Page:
Almost five years have passed since we moved to Catalonia and I do not think that a single day has gone by without me having heard (at least in blogs) some kind of call for independence.
I work hard to understand my adopted country, by learning the languages - for practical reasons first Spanish and only afterwards Catalan - and by carrying out hobby studies of local politics, culture and history. Piece by piece do I begin to understand these Catalans who make such efforts to define who they are since they are tired of being confused with Spaniards. But to one crucial question I have no answer: Do Catalans want to have their own state? Due to an unholy alliance between the major parties on the Spanish and Catalan levels - let alone on totally different grounds - there have not been any referendums on independence.
On the central level, both Zapatero's socialists (PSOE) government and the conservative PP opposition would say that referendums on sovereignty are the exclusive competence of the state and then refer to the Spanish Constitiution, written in the years immediately after the dictator Franco's death. Autonomous regions, such as Catalonia and Euskadi (the Basque country), simply do not have the right to do so. With a Spanish perspective, this is about a principle in order not to create precedents for the future. The question must not be asked even though opinion polls usually show that the majority of both Basques and Catalans want to remain in Spain.
In Catalonia, the local socialists branch (PSC) would probably not talk about the constitution but rather about the coexistence (convivència) of right and left and of unionism and minority nationalism, on which modern Spain has been built and therefore must not be put at risk. PSC favours a more federal Spain - certainly not independence - but the current wording of Catalonia’s new autonomy charter (estatut) hints that they defend the right to decide - el dret a decidir – as a principle.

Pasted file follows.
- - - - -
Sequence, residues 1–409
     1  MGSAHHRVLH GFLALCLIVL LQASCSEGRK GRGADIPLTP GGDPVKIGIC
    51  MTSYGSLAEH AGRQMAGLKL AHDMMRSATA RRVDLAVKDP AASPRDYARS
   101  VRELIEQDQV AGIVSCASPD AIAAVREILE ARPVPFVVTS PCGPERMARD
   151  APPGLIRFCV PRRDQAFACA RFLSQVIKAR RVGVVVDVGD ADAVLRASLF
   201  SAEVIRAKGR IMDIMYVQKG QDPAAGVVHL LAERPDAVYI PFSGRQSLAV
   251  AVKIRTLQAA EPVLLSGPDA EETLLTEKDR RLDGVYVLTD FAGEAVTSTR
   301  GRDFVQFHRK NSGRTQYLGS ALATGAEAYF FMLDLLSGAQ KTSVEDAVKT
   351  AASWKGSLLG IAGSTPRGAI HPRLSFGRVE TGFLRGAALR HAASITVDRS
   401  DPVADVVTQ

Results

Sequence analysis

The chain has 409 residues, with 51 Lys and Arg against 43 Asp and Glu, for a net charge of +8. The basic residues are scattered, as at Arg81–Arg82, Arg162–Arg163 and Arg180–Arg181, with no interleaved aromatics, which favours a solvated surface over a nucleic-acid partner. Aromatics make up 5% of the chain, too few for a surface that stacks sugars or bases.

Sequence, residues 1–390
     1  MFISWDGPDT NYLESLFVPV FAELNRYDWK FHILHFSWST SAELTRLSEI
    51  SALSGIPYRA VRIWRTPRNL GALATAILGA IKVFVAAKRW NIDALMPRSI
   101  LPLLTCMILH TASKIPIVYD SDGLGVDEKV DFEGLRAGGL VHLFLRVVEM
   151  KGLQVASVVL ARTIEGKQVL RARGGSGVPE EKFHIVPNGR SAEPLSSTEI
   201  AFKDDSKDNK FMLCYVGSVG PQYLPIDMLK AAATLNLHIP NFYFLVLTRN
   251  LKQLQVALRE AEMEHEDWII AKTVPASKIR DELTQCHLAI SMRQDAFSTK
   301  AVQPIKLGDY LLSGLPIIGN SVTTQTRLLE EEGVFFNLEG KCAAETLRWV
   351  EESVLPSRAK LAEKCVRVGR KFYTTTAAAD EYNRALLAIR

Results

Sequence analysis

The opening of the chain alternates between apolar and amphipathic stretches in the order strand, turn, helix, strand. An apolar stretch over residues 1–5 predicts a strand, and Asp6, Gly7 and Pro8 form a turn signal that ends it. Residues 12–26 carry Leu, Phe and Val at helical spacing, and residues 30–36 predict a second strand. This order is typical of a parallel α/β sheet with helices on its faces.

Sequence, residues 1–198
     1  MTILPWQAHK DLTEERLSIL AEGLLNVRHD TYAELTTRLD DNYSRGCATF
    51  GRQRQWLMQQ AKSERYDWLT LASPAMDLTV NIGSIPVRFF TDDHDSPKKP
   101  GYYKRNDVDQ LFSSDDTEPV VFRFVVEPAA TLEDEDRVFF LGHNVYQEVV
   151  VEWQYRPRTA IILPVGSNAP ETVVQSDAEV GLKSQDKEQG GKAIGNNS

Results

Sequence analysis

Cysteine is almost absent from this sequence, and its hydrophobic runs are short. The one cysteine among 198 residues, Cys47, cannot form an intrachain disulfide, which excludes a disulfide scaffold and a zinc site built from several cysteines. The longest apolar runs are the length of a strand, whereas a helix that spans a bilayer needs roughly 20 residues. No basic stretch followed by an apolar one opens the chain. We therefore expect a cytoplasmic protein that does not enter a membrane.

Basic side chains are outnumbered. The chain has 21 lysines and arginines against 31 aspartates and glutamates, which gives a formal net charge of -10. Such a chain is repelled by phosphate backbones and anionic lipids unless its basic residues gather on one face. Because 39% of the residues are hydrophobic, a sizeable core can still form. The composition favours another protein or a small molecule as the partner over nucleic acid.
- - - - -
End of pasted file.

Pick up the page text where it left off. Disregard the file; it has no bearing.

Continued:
Some who absolutely do not hesitate in claiming this right is the biggest Catalan nationalist party, CiU, and in the international arena they find support in the first article of the UN Covenant on Civil and Political Rights. That the CiU has never proposed referenda on independence is, above all, due to demographic realities. Currently, the question would receive the wrong answer and that would, in turn, send the wrong message to the Spanish nationalists and weaken the catalanism.
In this way, Spanish and Catalan politicians have avoided letting Catalans vote on independence. As I said in the beginning, the friction between Barcelona and Madrid has been constant since we came here, so I will not pretend to have seen that a change was coming; that the grass roots, all of a sudden, had had enough. This summer's events in Arenys de Munt could have become an isolated phenomenon but, on the contrary, more and more referendum platforms are being created (last week, Vilanova’s neighbour town Sant Pere de Ribes joined the group).
On December 13, Catalonia will hold its first relatively comprehensive referendum on independence. Regardless of how it goes, the platforms have already achieved one of their goals: the question is not forbidden any longer. A large missing piece of my personal integration puzzle will finally fall into place.
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Relaterad posts on this blog:
- The Voting Procedure for the Catalan Referendum on Independence
- Catalan Independence and Yet Another Neutral Swede
- Catalanism is Not Independentism
- The Referendum in Vilanova – Highly Interesting or Utterly Boring?
- December 13, Catalonia Holds a Referendum on Independence
- Arenys de Munt – the First of Many Catalan Referenda
- Can Catalonia Hold a Referendum om Independence?
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Technorati tags: Barcelona, Catalonia, CiU, Estatut, Independence, PSC, PSOE, Referendum, Spain, Vilanova,